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News in Brief: A State Capitals Roundup

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Kansas Lowers Dropout Age

Republican Gov. Bill Graves of Kansas has approved a bill that allows students to drop out of high school at ages 16 and 17 with their parents' permission--but only if both the parents and students sign a disclaimer indicating how it will harm the teenagers' future job prospects.

SB 38, which was signed into law this month, enables parents to enroll their youngsters in an alternative education program.

But they can also withdraw students from school entirely, provided the parents and children attend a final counseling session conducted by the school and sign a disclaimer. The disclaimer must include information "regarding the academic skills the child has not achieved, and the difference in future earning power between a high school graduate and a high school dropout."

Just last year, lawmakers extended the compulsory-school-attendance law to age 18 to fight juvenile crime and delinquency.

Funding Veto Likely in Minn.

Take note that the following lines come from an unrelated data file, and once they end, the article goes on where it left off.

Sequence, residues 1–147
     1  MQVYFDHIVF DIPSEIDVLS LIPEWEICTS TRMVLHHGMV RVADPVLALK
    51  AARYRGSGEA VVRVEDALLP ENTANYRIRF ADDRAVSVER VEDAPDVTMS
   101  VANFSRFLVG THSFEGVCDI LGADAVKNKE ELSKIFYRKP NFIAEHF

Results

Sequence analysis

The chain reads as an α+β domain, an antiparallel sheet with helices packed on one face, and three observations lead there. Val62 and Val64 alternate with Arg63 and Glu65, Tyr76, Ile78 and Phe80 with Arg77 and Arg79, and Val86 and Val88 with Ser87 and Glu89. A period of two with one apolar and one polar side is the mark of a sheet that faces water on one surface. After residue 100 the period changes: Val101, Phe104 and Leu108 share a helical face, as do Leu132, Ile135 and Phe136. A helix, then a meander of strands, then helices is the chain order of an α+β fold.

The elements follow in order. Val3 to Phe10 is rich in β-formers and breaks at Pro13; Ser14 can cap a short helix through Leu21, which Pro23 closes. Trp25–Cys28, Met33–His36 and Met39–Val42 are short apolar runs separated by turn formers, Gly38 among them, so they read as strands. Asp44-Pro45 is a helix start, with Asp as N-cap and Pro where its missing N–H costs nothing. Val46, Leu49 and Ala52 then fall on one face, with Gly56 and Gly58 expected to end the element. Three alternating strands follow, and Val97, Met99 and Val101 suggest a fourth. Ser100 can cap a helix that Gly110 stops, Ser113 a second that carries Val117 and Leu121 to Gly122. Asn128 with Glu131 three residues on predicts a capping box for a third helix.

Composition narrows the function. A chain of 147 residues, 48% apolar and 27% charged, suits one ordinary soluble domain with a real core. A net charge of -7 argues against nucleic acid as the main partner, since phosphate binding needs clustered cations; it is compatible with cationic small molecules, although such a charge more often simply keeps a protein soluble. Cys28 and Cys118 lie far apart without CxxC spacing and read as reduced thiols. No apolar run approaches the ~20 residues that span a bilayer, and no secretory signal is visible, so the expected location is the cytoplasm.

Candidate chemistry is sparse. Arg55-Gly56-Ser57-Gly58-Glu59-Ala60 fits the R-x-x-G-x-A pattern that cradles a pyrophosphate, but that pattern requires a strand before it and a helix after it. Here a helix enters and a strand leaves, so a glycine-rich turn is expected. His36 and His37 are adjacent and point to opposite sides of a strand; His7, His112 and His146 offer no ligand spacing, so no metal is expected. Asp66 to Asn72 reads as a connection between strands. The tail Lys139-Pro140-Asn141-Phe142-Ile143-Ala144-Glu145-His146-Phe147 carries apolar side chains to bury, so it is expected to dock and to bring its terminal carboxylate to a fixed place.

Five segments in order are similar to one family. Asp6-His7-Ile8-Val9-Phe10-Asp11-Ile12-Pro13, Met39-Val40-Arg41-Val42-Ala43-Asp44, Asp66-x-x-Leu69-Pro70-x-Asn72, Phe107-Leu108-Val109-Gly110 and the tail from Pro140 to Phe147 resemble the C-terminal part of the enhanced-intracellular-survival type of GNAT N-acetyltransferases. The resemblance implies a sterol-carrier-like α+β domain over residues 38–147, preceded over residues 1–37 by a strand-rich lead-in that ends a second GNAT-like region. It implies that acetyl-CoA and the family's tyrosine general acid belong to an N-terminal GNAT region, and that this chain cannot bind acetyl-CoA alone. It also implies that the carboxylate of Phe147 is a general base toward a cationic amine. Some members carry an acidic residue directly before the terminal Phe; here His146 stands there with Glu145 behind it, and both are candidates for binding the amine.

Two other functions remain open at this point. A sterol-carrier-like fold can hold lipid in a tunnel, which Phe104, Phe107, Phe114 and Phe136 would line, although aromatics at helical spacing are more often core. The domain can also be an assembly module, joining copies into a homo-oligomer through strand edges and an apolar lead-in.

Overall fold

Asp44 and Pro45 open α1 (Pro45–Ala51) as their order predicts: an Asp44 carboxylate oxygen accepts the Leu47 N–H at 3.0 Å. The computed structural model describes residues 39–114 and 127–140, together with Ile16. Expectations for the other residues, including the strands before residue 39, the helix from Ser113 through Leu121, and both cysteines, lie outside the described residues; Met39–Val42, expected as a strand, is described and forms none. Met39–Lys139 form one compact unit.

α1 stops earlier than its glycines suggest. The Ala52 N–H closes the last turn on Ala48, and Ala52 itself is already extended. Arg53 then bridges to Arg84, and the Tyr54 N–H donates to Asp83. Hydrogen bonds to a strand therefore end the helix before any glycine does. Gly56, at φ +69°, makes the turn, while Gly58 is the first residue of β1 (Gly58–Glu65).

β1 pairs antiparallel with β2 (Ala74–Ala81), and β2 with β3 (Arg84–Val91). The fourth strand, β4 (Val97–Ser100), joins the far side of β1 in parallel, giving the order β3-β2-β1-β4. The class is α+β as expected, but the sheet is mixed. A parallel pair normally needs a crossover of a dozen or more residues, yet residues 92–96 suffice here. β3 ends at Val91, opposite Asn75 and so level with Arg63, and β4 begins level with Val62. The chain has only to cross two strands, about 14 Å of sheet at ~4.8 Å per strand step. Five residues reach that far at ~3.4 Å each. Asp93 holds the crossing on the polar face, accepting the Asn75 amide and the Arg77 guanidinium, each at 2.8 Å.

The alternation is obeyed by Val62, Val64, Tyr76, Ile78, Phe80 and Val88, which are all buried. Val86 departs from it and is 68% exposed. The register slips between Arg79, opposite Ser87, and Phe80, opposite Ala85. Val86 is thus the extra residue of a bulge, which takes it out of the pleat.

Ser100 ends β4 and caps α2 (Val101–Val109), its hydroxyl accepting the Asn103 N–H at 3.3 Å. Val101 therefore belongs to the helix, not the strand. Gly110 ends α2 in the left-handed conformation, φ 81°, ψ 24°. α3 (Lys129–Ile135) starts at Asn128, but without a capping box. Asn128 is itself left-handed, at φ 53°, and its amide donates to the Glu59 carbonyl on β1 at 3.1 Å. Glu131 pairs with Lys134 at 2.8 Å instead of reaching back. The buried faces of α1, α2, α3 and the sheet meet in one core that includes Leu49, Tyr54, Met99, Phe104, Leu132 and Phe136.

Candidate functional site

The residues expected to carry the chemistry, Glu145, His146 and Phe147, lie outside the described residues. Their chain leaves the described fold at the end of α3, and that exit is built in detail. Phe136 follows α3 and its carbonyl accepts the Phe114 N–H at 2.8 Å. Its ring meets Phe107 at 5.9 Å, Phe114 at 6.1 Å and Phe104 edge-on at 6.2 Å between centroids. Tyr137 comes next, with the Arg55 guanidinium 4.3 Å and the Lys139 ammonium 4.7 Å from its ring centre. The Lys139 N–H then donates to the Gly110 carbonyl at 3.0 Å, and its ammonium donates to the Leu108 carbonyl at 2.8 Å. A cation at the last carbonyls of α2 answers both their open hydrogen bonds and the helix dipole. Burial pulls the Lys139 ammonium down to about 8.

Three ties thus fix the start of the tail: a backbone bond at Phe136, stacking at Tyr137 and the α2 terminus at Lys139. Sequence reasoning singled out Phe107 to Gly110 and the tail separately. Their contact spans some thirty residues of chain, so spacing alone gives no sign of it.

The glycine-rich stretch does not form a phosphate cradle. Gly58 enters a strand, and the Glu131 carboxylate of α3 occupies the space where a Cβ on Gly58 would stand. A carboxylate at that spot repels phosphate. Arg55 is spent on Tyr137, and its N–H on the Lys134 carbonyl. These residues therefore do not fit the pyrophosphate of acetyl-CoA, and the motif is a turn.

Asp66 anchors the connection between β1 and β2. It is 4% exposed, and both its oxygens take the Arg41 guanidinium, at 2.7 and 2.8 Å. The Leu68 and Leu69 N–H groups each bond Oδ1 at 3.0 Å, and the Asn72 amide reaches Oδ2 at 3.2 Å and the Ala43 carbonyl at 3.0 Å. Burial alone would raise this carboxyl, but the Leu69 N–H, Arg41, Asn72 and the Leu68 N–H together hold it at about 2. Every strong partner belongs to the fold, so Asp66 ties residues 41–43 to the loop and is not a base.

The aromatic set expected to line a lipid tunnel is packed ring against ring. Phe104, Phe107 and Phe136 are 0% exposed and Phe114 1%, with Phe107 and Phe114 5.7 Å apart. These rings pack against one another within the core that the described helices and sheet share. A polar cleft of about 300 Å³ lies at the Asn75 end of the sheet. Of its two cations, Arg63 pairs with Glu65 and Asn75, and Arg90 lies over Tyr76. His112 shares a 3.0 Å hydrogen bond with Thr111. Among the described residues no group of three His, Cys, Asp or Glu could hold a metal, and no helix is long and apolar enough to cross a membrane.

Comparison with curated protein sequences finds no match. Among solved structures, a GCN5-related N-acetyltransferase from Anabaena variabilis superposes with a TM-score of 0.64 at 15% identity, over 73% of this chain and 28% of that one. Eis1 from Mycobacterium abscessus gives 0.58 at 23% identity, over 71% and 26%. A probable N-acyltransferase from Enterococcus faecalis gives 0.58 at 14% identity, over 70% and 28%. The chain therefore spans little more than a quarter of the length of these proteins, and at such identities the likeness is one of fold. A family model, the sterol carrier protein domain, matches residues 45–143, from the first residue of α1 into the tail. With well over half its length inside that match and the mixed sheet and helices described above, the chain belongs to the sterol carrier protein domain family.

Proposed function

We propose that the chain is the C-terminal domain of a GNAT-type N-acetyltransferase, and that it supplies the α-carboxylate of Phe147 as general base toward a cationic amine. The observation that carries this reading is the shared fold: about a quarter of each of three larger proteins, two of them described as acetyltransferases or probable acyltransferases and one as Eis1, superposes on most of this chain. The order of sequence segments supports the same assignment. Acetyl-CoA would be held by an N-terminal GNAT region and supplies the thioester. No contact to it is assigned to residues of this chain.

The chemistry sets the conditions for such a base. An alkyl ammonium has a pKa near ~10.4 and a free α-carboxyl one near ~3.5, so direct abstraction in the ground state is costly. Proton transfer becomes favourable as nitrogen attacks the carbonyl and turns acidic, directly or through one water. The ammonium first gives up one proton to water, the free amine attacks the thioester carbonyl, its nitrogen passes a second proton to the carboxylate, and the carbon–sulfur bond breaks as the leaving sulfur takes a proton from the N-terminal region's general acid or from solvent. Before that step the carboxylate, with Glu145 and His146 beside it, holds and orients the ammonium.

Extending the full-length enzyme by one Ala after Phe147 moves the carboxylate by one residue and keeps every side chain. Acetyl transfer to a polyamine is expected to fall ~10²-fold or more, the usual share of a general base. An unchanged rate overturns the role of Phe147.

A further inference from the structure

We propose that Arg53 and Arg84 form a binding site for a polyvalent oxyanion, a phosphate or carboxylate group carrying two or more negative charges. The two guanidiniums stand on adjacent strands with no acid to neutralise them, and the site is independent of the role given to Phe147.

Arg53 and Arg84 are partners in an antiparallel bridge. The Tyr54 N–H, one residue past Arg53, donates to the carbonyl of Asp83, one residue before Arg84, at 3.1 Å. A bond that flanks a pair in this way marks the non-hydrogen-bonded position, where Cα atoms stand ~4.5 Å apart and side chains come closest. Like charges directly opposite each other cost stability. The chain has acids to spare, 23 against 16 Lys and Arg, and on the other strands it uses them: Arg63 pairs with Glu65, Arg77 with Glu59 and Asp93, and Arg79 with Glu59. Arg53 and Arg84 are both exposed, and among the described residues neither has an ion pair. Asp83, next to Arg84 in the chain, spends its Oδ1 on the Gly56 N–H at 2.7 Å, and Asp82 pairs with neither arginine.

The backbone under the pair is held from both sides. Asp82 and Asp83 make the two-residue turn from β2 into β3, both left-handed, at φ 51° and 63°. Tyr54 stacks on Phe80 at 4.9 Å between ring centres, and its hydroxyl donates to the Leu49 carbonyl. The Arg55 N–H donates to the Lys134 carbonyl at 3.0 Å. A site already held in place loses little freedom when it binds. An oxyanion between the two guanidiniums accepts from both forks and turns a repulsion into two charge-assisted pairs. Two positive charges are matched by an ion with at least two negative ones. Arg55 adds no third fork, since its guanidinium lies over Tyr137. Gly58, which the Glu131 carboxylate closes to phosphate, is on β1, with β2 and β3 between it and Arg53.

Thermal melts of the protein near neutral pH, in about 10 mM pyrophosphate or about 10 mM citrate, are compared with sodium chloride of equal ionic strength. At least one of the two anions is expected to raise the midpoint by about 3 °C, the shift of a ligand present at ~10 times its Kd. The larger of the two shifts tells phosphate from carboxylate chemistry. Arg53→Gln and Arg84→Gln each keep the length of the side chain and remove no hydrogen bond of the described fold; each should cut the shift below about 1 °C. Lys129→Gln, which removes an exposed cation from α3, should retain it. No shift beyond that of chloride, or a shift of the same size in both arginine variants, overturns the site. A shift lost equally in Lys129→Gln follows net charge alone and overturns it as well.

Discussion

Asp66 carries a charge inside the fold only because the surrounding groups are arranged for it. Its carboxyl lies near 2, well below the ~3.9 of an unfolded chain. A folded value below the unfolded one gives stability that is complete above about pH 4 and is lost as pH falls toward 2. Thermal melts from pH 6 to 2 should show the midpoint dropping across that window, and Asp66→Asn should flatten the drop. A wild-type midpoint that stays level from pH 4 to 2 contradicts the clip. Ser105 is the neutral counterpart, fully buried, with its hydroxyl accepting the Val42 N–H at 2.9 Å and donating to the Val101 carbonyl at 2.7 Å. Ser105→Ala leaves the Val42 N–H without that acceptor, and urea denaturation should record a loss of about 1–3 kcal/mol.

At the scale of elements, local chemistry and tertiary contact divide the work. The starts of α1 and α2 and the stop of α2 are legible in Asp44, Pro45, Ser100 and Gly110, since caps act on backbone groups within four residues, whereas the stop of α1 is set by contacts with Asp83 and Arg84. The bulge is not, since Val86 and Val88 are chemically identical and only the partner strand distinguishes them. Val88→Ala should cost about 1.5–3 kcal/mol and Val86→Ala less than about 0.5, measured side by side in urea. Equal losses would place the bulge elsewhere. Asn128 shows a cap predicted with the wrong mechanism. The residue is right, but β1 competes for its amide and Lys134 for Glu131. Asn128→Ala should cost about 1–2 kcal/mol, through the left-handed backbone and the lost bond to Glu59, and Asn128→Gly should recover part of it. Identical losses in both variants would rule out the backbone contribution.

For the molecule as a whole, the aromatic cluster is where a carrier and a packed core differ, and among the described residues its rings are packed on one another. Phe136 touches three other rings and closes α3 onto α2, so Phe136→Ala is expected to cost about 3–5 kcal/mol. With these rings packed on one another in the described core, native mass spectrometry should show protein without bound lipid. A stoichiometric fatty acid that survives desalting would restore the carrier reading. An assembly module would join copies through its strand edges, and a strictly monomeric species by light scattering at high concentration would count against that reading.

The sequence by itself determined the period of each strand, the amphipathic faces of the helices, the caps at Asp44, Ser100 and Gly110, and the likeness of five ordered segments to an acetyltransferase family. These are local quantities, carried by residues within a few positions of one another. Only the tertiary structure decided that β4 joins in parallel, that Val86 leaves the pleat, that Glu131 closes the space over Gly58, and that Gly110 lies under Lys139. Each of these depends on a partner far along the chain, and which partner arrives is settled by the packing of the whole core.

Minnesota Gov. Arne Carlson has vowed to veto the $6.7 billion school funding bill passed last week by his state's Democrat-controlled legislature.

The Republican governor was scheduled to meet with legislative leaders this week to discuss his plans to call a special legislative session on school spending and, possibly, other topics, as well.

The main sticking point is the bill's exclusion of a proposal by Gov. Carlson to provide $6 million in tax credits for low-income families with students in private schools.

The governor believes the bill does not contain enough support for low-income students who are failing in the public school system, said his press secretary, Brian Dietz. The Democrats remain firmly opposed to using public money to help private schools.

Though the two sides remain at odds, the governor has said he does not want to call a special session until he has reached an agreement with the legislators.

The $6.7 billion plan would raise school spending by $7 million over the current year's budget.

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